Tax Scams
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Phone: (703) 383-1TAX
Fax: (703) 383-9TAX


  • Rebate Phone Call

Please be aware that some people have received phone calls regarding economic stimulus payments which are actually attempts of fraud. Please visit the following IRS site for more information:
http://www.irs.gov/newsroom/article/0,,id=178061,00.html

  • Refund E-mail

“The IRS has seen several variations of a refund-related bogus e-mail which falsely claims to come from the IRS, tells the recipient that he or she is eligible for a tax refund for a specific amount, and instructs the recipient to click on a link in the e-mail to access a refund claim form. The form asks the recipient to enter personal information that the scamsters can then use to access the e-mail recipient’s bank or credit card account. 

In a new wrinkle, the current version of the refund scam includes two paragraphs that appear to be directed toward tax-exempt organizations that distribute funds to other organizations or individuals. The e-mail contains the name and supposed signature of the Director of the IRS’s Exempt Organizations business division.

This e-mail is a phony. The IRS does not send unsolicited e-mail about tax account matters to individual, business, tax-exempt or other taxpayers.

Filing a tax return is the only way to apply for a tax refund; there is no separate application form. Taxpayers who wish to find out if they are due a refund from their last annual tax return filing may use the “Where’s My Refund?” interactive application on this Web site, IRS.gov. The only official IRS Web site is located here at www.irs.gov.”
http://www.irs.gov/newsroom/article/0,,id=178061,00.html

 

  • Audit E-mail

“Another new scam brought to IRS attention contains features not seen before by the IRS.  Using a technique calculated to get almost anyone’s attention, the e-mail notifies the recipient that his or her tax return will be audited. This is the first scam of which the IRS is aware that uses this to get the victim to respond.  

Unusual for a scam e-mail, it may contain a salutation in the body addressed to the specific recipient by name. Most scam e-mails seen by the IRS are sent using the same technique used by spammers, in which hundreds of thousands of messages are sent to potential victims based on Internet address. Because of the volume, the typical scam e-mail is not personalized.

This e-mail instructs the recipient to click on links to complete forms with personal and account information, which the scammers will use to commit identity theft.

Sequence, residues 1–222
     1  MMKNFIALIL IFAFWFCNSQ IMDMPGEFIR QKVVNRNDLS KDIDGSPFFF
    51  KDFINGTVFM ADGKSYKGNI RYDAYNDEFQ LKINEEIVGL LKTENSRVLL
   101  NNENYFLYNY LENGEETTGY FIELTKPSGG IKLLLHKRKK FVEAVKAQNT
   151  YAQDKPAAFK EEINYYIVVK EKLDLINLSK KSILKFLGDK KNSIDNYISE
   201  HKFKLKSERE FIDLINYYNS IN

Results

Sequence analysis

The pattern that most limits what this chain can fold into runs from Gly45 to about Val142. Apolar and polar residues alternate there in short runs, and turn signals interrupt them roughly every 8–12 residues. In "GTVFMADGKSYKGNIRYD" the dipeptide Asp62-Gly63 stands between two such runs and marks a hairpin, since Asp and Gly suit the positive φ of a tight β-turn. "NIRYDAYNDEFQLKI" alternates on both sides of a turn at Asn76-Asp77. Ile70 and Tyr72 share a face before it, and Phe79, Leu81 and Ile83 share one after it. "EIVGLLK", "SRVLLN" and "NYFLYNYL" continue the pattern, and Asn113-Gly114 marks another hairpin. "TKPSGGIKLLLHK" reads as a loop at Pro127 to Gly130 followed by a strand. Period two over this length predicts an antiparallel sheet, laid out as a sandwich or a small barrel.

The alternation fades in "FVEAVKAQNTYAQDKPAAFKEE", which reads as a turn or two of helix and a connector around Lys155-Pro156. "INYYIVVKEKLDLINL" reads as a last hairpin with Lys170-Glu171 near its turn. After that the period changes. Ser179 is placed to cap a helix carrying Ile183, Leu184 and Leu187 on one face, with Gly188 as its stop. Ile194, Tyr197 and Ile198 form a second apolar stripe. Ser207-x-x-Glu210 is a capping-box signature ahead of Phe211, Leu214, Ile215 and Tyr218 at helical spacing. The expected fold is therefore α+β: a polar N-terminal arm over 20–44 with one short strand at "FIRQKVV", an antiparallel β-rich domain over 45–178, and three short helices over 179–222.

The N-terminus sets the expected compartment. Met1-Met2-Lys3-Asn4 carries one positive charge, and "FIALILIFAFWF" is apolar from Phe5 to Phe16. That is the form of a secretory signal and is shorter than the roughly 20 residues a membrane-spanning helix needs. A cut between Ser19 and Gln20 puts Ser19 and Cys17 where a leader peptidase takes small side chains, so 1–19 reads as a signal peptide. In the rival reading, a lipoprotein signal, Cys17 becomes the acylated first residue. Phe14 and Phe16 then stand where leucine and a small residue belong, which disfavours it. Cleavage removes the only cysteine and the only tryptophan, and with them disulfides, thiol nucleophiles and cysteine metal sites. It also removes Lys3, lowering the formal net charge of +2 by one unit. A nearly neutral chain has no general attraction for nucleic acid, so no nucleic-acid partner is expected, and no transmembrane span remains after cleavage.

This e-mail is a phony. The IRS does not send unsolicited, tax-account related e-mails to taxpayers.”
http://www.irs.ustreas.gov/newsroom/article/0,,id=178061,00.html

 

  • Changes to Tax Law E-mail

“This bogus e-mail is addressed to businesses, accountants and “Treasury” managers. It instructs them to download information on tax law changes by clicking on a series of links to publications on businesses, estate taxes, excise taxes, exempt organizations and IRAs and other retirement plans. The IRS believes that clicking on a link downloads malware onto the recipient’s computer. Malware is malicious code that can take over the victim’s computer hard drive, giving someone remote access to the computer, or it could look for passwords and other information and send them to the scamster. There are other types of malware, as well.

The urls contained in the link are not legitimate IRS Web addresses. All IRS.gov Web page addresses begin with http://www.irs.gov/.”
http://www.irs.ustreas.gov/newsroom/article/0,,id=178061,00.html

  • Paper Check Phone Call

“This bogus e-mail is addressed to businesses, accountants and “Treasury” managers. It instructs them to download information on tax law changes by clicking on a series of links to publications on businesses, estate taxes, excise taxes, exempt organizations and IRAs and other retirement plans. The IRS believes that clicking on a link downloads malware onto the recipient’s computer. Malware is malicious code that can take over the victim’s computer hard drive, giving someone remote access to the computer, or it could look for passwords and other information and send them to the scamster. There are other types of malware, as well.

The urls contained in the link are not legitimate IRS Web addresses. All IRS.gov Web page addresses begin with http://www.irs.gov/.”

http://www.irs.ustreas.gov/newsroom/article/0,,id=178061,00.html

 

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